Hypochlorhydria, vitiligo connection
A few people have brought up a theory that Hypochlorhydria may be what triggers the vitiligo gene to turn on. And while I hear many ideas on the potential causes of vitiligo, this one fits many issues that we’ve already linked to it: b12 deficiency, low folic acid, hypothyroidism, autoimmune disorders, just to name a few.
For the next few days I am going to do a series of posts about the online research i’ll be conducting on hypochlorhydria.
What is hi-po-klor-hi-dree-uh? Basically, it’s just low stomach acid. Well, that sounds harmless enough, doesn’t it? But it’s not.
It is commonly assumed that the decline in stomach acid production observed through later adult life is normal and a very common consequence of the aging process. Recent evidence, however, shows that this is incorrect. The cells that produce stomach acid, also known as hydrochloric acid or HCL, are the parietal cells. Several things can affect the ability of the parietal cells to produce hydrochloric acid. A partial list includes: regular use of non steroidal anti-inflammatory drugs (NSAIDs); acid blocking medications (often used for symptoms that are actually due to a lack of HCL); nutritional deficiencies such an histidine (an amino acid), zinc, and vitamin B1 (thiamine), all of which are needed for HCL production. Stress can also impair HCL production as well as alcohol consumption and food allergens. In addition to HCL, the parietal cells also manufacture “intrinsic factor” which makes the absorption of B12 possible. Without adequate intrinsic factor, a B12 deficiency sets in and can result in pernicious anemia.
Once the stomach acid is low, you may be more susceptible to infection by Helicobacter pylori, a common cause of ulcers. This chronic bacterial pathogen in humans is so prevalent that 50% of 50 year olds are infected with H. pylori. (Plummer, Dr. Nigel, Townsend Letter, July 2004. It is also important to remember that if you don’t make enough HCL to disinfect and kill off bacterial and parasites in your food, you may also be more prone to gut infections and small intestinal bacterial overgrowth and malabsorption.
HCL is not only necessary for proper digestion (it begins the breakdown of protein) and thus nutrient absorption, but it also kills many organisms and helps to keep the stomach sterile.
Most people don’t have too much stomach acid as you would think from watching the pharmaceutical commercials on TV. By taking antacids, you will have less stomach acid being secreted setting you up for infection and malabsorption.
A partial list of symptoms associated with low stomach acid includes the following:
Gas shortly after eating
Indigestion ½ to 1 hour after eating that may last 3-4 hours
Poor night vision
Loss of taste for protein foods
If you have symptoms of low stomach acid, you will want to take HCL as Betaine Hydrochloride. In all cases, it is prudent to begin supplementation in steadily increasing levels. If a capsule contains 500 mg. of Betaine Hydrochloride, then an individual should start with one capsule per meal and then build up to 3 capsules per meal. Sometimes you may need to take even more than 3 if you are extremely low in HCL. You can increase until you get a burning sensation and then you know you need to back down but it is a good idea to have some Alka Seltzer on hand.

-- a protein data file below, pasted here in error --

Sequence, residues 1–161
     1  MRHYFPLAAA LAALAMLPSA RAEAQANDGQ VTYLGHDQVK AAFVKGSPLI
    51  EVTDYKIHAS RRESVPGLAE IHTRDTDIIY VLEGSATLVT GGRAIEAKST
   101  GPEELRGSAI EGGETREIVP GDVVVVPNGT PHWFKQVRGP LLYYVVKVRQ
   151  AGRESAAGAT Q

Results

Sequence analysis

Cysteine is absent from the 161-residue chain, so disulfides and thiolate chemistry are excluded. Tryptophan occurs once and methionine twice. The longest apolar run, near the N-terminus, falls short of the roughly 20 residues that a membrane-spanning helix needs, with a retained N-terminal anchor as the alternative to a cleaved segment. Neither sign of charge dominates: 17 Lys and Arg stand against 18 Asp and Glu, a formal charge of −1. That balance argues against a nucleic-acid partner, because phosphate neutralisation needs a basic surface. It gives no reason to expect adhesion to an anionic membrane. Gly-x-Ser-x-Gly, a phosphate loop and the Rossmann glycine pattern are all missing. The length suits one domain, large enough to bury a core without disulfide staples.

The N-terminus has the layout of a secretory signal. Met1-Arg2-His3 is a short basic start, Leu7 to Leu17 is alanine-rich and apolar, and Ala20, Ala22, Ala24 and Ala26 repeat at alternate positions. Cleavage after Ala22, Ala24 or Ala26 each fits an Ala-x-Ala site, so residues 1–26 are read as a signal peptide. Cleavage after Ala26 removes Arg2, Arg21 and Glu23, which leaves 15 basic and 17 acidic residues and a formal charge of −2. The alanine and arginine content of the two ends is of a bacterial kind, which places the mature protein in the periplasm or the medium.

There are several good brands of Betaine HCL on the market. I have two that I use in my clinic—Premier Research Labs has 2 products to be used together, Quantum HCL Activator with Quantum Betaine HCL; and Biotics Research Labs has Hydrozyme. It is best to take these products in the middle of each meal. Make sure you consult your nutritionally oriented physician prior to supplementing with HCL.
If your doctor does lab work and finds you have an infection of H. pylori, the University of Wolverhampton in Great Britain has found that 3 different strains of H. pylori were highly sensitive to some mixtures of essential oils, particularly oregano, clove, wormwood and ginger. Following the release of this data, Pharmax developed a product Pyloricin, containing the same mixture of oils. In addition, in this product, the oil mixture is emulsified so that once it is in the stomach, it produces a milky emulsion enabling the antimicrobials to effectively disperse and penetrate the mucous layer and attack the surface and deep layers where H. pylori bores in.
Other companies that produce therapies for H. pylori are: Metagenics’ Zenlori, Allergy Research with Mastica, and Biotics Research Labs with Bio-HPF. Studies published in the New England Journal of Medicine have shown that mastic gum inhibits H. pylori at very low concentrations and that it was effective against at least 3 different strains of H. pylori. (N Engl J Med, 339 (26): 1946 Dec 1998.
For all problems dealing with the gut, I recommend taking probiotics such as Bifido bacteria and Acidophilis bacteria. You can check with your local health food store for a suitable brand.
In conclusion, most digestive dysfunctions start in the stomach with decreased HCL. HCL is one of the most difficult chemicals for the body to make and, the loss of which, sets us up for multiple problems such as an inability to break down our food properly for absorption. Without proper digestion, we cannot obtain the nutrients from our food which can then make us more prone to multiple health problems and disease.